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European Markets Jump On Hopes For Trade Deal

After struggling at the start of the trading week, the European markets ended Tuesday's session firmly in positive territory. Gains were fueled by hopes for a trade agreement between the U.S. and China.

The high level trade discussions entered their second day Tuesday. In a post on Twitter this morning, U.S. President Donald Trump claimed, "Talks with China are going very well!"

Meanwhile, the partial shutdown of the U.S. government remains in place. Trump is scheduled to deliver a national address on what his administration has described as a "crisis" on the southern border later today.

The pan-European Stoxx Europe 600 index advanced 0.88 percent. The Euro Stoxx 50 index of eurozone blue chip stocks increased 0.72 percent, while the Stoxx Europe 50 index, which includes some major U.K. companies, added 0.70 percent.

The DAX of Germany climbed 0.52 percent and the CAC of France rose 1.15 percent. The FTSE 100 of the U.K. gained 0.74 percent and the SMI of Switzerland finished higher by 1.10 percent.

In Paris, Carrefour rallied 2.72 percent after Bank of America Merrill Lynch upgraded its rating on the stock to "Buy."

In London, Rolls-Royce Holding jumped 4.99 percent after Britain's Serious Fraud Office (SFO) dropped its investigation of some individuals associated with the company.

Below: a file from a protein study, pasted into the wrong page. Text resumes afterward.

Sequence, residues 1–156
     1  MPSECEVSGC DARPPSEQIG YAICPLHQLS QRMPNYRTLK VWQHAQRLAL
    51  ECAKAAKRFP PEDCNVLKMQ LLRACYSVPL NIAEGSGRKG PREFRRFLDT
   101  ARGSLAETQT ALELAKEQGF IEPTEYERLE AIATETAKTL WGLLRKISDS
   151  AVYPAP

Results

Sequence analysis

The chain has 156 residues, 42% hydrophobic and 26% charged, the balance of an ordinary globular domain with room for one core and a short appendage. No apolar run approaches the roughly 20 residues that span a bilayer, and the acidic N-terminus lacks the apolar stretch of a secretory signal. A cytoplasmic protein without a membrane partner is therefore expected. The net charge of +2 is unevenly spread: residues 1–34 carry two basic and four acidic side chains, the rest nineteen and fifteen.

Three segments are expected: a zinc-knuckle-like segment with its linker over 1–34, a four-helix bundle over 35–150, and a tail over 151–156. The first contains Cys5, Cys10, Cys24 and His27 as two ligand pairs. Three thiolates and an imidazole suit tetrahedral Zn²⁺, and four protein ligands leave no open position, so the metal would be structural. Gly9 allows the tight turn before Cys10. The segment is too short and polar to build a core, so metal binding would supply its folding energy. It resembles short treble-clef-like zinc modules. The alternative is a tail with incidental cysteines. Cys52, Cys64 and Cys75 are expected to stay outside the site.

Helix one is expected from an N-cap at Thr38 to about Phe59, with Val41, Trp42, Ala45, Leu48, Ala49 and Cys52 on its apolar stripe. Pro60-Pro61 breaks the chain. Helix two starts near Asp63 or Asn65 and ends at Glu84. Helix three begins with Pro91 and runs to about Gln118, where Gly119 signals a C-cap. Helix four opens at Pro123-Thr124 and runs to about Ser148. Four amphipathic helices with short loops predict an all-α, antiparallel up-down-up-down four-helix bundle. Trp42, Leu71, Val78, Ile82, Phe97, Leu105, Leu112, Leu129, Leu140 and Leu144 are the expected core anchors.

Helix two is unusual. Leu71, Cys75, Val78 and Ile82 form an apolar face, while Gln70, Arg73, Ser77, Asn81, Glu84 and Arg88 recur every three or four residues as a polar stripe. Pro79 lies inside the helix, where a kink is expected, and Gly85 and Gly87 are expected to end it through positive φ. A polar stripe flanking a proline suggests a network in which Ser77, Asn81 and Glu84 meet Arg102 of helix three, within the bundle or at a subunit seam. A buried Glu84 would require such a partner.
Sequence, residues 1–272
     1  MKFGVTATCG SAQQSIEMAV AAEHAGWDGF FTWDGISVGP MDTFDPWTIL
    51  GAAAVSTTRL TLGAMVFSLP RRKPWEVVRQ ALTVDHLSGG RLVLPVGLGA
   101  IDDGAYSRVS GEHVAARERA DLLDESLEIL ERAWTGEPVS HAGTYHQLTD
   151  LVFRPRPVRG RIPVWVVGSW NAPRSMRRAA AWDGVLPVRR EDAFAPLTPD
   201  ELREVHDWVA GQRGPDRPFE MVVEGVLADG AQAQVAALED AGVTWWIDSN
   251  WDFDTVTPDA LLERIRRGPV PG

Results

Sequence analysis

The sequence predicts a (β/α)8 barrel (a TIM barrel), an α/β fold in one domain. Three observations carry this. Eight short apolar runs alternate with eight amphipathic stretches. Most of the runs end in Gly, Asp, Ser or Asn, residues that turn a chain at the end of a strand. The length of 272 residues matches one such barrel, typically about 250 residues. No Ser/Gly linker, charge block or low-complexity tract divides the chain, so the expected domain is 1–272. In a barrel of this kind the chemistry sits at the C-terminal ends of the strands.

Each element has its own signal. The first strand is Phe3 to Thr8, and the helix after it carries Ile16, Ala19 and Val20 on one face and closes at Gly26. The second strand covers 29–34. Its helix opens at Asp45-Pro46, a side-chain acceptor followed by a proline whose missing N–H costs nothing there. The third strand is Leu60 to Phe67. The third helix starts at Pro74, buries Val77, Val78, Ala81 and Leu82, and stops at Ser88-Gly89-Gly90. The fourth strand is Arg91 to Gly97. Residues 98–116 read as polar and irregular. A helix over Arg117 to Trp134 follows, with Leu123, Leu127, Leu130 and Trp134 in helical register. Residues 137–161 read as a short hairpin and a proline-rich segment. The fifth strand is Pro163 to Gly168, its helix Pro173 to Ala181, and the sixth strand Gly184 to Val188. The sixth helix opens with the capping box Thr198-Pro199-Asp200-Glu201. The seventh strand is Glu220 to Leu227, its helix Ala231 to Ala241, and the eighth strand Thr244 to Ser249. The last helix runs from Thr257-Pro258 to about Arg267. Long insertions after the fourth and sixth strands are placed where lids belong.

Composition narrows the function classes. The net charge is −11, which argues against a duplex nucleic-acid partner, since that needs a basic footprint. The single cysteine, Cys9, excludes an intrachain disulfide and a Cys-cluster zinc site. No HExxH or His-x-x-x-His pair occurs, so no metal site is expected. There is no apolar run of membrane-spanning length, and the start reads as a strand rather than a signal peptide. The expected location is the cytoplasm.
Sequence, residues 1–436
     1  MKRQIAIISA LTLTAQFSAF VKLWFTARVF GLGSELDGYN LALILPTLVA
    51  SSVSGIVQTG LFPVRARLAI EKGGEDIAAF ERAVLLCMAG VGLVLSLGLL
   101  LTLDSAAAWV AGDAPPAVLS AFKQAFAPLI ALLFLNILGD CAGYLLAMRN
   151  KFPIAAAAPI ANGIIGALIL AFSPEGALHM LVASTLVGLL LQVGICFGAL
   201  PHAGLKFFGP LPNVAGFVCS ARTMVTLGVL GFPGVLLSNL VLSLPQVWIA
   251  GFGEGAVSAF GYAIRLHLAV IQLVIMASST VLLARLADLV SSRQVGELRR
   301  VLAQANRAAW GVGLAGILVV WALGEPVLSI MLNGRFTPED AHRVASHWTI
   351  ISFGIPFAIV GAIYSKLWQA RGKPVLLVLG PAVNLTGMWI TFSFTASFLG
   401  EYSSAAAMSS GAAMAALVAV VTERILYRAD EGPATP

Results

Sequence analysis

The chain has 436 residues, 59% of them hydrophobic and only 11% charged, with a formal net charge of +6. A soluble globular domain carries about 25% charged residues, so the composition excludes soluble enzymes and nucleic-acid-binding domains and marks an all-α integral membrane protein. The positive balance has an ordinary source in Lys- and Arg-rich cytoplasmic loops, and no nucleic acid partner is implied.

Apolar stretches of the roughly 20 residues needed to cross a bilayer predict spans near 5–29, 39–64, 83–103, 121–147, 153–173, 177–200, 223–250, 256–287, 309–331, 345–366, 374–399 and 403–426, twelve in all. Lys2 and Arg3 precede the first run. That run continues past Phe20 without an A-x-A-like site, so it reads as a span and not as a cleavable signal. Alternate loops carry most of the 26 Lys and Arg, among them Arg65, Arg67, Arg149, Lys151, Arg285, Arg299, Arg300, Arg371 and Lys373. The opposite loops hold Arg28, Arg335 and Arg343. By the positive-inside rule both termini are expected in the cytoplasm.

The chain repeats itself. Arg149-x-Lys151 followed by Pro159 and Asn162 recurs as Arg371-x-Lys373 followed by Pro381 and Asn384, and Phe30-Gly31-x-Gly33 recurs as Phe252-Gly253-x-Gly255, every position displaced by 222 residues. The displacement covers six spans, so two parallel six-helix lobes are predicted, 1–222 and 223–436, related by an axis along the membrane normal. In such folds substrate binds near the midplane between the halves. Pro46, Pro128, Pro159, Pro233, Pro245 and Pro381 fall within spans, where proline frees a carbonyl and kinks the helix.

WM Morrison Supermarkets fell 3.21 percent after a disappointing trading update as it reported a sharp slowdown in sales growth at its stores over Christmas.

Sika AG declined 3.99 percent in Zurich after reports that it will buy its French rival Parex in a $2.55 billion deal.

Eurozone's economic sentiment decreased more-than-expected in December to its lowest level since the start of 2017, survey data from the European Commission showed on Tuesday. The economic sentiment index dropped to 107.3 from 109.5 in November. Economists had predicted a score of 108.2.

Germany's industrial production unexpectedly decreased for a third straight month in November, amid a sharp fall in consumer goods and energy output, worsening fears of a technical recession in the biggest euro area economy.

Overall industrial production fell a calendar and seasonally adjusted 1.9 percent from October, when it decreased 0.8 percent, revised from 0.5 percent, preliminary data from the Federal Statistical Office showed on Tuesday.

Economists had expected a 0.3 percent increase. The latest decline was the biggest since a 2.3 percent slump in July.

France's merchandise trade deficit widened sharply in November and was worse than economists' forecast, preliminary figures from the French Customs showed on Tuesday. The visible trade deficit rose to EUR 5.1 billion from EUR 4.1 billion in October. Economists had expected a shortfall of EUR 4.9 billion for November. A year ago, the deficit was EUR 5.96 billion.

UK house price inflation accelerated in December after slowing in the previous month, though house price growth for 2018 remain thin, survey data from the Lloyds Bank unit Halifax showed on Tuesday. House price rose 1.3 percent year-on-year in the three months to December, which was faster than the 0.3 percent growth in the three months to November. Economists had expected a 0.4 percent increase.

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